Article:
- The only reason it’s even on the table is because the coaches want expansion to give them more job security because they’re more likely to “make the tournament.” Now, I don’t know if this sentiment does exist among the coaches, but I do know that people are using the perception of this sentiment as a strike against expansion. First of all, the rationale of “we shouldn’t expand because it’s only what the coaches want” is not really a logical argument. Second of all, I think that if the coaches do actually feel this way, then they are way off-base. I actually think that tournament expansion is going to hurt coaches’ job securities. Look at Seth Greenberg. He made a living off of his team’s “snub.” He may have actually gained more national attention for his program and himself, as a coach, than say Florida St. who did make the tournament as a 9-seed and bowed out in the first round to Gonzaga. Everyone was talking about Virginia Tech. Everyone had an opinion on whether or not they should have gotten in. That is actually good for Seth Greenberg, his job security and his program. But, what if they got a 17-seed and lost in the first round? Just another one of 96 teams that got in and didn’t do anything. And…even more so, imagine the 97th team or the 108th team. The teams that do not make the 96-team field–particularly those from big conferences. How can their coaches look their ADs in the eye and say “bring me back for another year, we’re on the right track.” Think about Mark Gottfried. He brought Alabama’s program back to national prominence, including a brief stint at #1 in the country in 2002 and three straight tournament appearances. But, in the next 6 seasons, they only made the tournament once (and probably would have only made a 96-team field once or twice). Yet, Gottfried kept coming back (for the record, I think Gottfried is an excellent coach). Imagine, though, if a proud program, like the Crimson Tide, in a big conference like the SEC, missed a 96-team tournament even TWO years in a row? Gottfried is gone. I do not think that tournament expansion will help coaches keep their jobs. I actually think might have the opposite effect.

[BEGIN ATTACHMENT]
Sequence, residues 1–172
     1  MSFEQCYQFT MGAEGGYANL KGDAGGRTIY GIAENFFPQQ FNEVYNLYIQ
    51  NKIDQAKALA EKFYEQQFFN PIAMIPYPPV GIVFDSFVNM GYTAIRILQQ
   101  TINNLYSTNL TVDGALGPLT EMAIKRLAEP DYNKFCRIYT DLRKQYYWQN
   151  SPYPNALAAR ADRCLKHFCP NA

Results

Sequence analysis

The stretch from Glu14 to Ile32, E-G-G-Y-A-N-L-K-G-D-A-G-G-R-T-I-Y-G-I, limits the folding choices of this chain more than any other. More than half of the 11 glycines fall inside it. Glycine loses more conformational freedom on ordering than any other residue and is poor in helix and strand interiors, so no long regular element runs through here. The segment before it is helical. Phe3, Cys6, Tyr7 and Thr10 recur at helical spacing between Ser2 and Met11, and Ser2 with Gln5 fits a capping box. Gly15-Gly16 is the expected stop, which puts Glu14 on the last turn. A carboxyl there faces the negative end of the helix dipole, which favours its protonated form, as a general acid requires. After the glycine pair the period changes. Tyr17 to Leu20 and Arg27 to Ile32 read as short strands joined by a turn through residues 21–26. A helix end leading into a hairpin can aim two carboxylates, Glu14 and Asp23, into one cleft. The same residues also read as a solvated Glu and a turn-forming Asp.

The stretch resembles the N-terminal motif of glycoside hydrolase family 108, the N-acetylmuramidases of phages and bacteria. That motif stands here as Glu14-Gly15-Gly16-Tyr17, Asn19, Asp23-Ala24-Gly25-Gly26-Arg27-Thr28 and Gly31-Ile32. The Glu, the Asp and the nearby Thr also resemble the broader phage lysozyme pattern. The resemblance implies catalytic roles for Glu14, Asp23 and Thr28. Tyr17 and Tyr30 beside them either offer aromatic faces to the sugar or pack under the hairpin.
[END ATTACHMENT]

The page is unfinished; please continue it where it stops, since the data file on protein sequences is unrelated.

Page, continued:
- Can you really take the kids away from class for that long? Hahahahahahahahahahaha. Hold on…hahahahahahahahaha. Seriously, people? This argument is absurd and probably not for the reasons that you think I’m going to cite. I’m not going to talk about how the term “student-athlete” is a joke because I don’t think it is. I think a couple O.J. Mayo’s ruin the reputation of a huge group of young men and women who are successfully juggling the pressure of big-time athletics with the rigors of higher education. But, let me tell you something about this argument. It’s a joke. Student-athletes are used to being away from campus. Going to 96 teams would add one extra game for 64 teams. That means that 64 teams would have to miss two more days of class. But, it’s during the season. How accustomed to being away are these kids? Hell, Boston College and Miami (FL) are in the same conference, which means every year the BC kids fly 1,500 miles for a road in-conference game. And, think about the Maui Invitational or the Great Alaska Shootout. Granted some of these are over winter breaks, but you get the point. This is a ridiculous argument.
- It’s going to kill the NIT. I actually kind of care about this, to be honest. I don’t want to see the NIT get swallowed up by the NCAA tournament. The NIT has been around longer than the NCAA tournament, and for the first two decades or so, was considered college basketball’s “national championship.” It is a really good basketball tournament with a lot of tradition. Granted, it is no reason to hold up expansion of the Big Dance, but it will be a sad byproduct if it ceases to exist. And, for the record, the first ever NIT champions? The Temple Owls. Fight, fight, fight for the Cherry and the White!
All in all, there are certainly drawbacks from expansion. But, in my opinion, if some is good (and “some” madness is DEFINITELY good), then more is usually better. You never know when you’re going to get a monumental performance, so why not give us 95 NCAA tournament games and, therefore, 95 chances to be amazed. More Madness!
Tell me I’m crazy…